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Our understanding of the importance of non-coding RNAs (ncRNAs) in multiple biological processes has grown exponentially in recent years. Because of their preponderance, it is not surprising that almost all biological functions are in one way or another under the control of these molecules. Although they vary greatly in origin, biogenesis and mode of action, they can be roughly separated into two families based on size. At one end of the spectrum are the small ncRNAs, which are 20-30 nucleotides (nt) in size, and at the other end are the long ncRNAs, which group all RNAs larger than 200 nt. Since research on lncRNAs began, their importance in the context of viral infection has been the subject of particular attention. Indeed, by their nature, viruses are strictly dependent on a host cell to translate their genome, replicate, and generate new viral particles for propagation. In our research team, we study how a viral infection can impact biological pathways involving small ncRNAs. Our study models are viruses associated with several pathologies that represent a threat to human health. We are interested in two types of viruses:

i) DNA viruses, such as Kaposi’s sarcoma virus (KSHV) and cytomegalovirus (CMV)

ii) RNA viruses transmitted by arthropods such as Sindbis virus (SINV), Chikungunya virus (CHIKV), Zika virus (ZIKV) or tick-borne encephalitis (TBEV).

The results of our work help us to better understand the molecular mechanisms involved in the viral replicative cycle and also how the infected organism responds to viral infection at the cellular level. In the long term, we hope that our research will help develop new therapeutic approaches against viruses.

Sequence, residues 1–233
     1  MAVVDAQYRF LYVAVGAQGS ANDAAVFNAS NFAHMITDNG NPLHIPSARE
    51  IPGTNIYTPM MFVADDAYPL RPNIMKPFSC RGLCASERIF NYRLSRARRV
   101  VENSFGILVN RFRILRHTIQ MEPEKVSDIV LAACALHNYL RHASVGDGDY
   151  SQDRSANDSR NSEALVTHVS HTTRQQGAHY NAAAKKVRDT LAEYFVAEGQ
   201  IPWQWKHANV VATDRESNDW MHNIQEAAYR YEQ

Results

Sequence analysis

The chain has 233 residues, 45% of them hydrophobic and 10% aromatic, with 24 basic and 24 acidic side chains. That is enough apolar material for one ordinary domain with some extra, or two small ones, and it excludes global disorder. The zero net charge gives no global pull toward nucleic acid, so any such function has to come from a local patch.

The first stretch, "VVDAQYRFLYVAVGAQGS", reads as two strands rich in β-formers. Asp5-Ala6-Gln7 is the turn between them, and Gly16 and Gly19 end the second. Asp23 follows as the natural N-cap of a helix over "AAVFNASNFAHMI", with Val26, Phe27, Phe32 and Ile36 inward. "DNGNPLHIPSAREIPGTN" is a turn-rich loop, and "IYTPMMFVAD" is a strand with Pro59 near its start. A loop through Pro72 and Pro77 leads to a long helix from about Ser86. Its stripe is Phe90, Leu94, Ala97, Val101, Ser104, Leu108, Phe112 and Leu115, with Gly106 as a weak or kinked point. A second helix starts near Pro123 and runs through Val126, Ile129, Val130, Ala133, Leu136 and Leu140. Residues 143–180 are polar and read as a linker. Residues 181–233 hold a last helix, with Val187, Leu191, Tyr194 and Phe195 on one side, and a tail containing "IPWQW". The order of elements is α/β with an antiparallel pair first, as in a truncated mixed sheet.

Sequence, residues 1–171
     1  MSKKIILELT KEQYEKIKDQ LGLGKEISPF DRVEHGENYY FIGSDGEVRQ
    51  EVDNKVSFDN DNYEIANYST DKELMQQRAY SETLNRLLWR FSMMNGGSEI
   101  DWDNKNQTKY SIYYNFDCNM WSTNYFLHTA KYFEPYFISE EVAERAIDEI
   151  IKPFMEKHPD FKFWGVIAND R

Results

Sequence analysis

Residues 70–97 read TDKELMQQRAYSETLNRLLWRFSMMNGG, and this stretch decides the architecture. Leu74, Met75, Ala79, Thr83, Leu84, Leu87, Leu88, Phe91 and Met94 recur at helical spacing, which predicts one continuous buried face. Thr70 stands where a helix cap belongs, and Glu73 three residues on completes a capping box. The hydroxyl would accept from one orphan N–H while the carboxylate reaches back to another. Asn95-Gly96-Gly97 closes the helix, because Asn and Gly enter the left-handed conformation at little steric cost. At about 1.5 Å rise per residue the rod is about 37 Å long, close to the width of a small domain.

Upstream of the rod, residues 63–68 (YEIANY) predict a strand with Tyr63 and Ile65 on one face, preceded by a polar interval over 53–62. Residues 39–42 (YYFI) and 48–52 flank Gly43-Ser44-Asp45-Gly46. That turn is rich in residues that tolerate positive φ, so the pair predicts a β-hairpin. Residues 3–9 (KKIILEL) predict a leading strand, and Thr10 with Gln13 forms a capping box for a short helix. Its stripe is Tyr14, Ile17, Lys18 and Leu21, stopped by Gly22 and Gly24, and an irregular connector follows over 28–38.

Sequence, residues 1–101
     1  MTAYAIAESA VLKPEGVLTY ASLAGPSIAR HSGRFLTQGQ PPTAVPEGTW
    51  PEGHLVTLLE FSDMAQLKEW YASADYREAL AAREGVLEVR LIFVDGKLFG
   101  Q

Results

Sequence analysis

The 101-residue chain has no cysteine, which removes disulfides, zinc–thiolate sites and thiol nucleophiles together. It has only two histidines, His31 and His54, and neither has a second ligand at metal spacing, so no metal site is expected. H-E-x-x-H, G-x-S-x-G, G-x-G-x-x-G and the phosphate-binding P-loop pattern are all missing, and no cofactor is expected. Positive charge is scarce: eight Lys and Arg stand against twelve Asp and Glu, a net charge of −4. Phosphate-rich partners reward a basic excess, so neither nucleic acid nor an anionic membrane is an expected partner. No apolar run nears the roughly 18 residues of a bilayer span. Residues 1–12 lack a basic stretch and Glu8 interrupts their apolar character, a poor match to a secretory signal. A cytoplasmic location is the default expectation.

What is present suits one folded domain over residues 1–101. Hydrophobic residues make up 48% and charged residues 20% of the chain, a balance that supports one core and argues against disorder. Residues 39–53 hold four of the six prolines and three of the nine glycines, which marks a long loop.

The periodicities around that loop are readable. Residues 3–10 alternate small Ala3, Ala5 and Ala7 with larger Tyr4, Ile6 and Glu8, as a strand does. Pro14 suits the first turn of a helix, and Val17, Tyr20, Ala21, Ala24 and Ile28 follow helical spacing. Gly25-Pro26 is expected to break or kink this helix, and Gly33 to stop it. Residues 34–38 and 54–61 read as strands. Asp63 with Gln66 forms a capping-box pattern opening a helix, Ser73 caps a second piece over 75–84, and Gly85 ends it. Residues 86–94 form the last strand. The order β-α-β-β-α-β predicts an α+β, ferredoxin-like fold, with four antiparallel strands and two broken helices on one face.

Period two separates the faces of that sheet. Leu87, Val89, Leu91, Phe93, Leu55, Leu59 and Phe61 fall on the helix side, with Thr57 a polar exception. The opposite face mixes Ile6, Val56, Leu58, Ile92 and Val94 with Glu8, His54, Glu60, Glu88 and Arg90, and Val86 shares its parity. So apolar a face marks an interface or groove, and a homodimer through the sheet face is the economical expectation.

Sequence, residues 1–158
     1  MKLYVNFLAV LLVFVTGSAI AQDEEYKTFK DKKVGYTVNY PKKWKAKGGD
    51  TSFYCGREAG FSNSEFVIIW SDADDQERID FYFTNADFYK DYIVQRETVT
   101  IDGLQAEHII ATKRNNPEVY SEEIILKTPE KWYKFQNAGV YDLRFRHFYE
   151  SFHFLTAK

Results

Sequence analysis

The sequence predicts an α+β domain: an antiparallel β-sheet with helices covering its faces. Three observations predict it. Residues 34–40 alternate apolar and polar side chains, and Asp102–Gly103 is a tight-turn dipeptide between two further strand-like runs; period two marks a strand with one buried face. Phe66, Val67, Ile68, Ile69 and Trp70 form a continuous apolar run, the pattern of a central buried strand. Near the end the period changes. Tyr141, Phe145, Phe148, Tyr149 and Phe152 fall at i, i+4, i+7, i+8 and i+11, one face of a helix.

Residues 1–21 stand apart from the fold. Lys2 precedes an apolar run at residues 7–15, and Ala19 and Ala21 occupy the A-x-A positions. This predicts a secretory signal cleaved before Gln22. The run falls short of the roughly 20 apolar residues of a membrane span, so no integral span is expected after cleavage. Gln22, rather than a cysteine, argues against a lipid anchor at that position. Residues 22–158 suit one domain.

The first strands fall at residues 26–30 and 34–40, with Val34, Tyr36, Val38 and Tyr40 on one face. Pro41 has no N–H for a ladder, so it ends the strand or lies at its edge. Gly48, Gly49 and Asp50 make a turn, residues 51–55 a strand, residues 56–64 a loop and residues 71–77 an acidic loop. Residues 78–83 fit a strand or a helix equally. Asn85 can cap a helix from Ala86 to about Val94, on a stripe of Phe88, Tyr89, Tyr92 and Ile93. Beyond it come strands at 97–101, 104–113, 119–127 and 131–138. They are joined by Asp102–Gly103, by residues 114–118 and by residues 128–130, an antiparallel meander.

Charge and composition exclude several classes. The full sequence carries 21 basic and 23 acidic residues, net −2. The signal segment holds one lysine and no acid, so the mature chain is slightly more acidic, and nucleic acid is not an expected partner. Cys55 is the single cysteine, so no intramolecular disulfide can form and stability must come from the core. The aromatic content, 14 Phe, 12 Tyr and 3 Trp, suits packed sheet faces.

The objectives of the research team are multiple and consist on the one hand in understanding the regulation of a family of small RNAs, called microRNAs, during viral infection, and on the other hand in elucidating the importance of an antiviral defense mechanism based on the production of small interfering RNAs (siRNA) in mammals. Three major research axes can be distinguished in the team:

Axis 1  To understand how viral microRNA biogenesis can be regulated at the post-transcriptional level.

Axis 2  Identify and unravel the mechanisms involved in the degradation of cellular and viral RNAs, and their involvement in infection.

Axis 3  Address the question of the antiviral role of RNA interference in mammals and identify regulators of this activity.

Our work is supported by the ANR, the ARC Foundation, the Foundation for Medical Research and the European Union.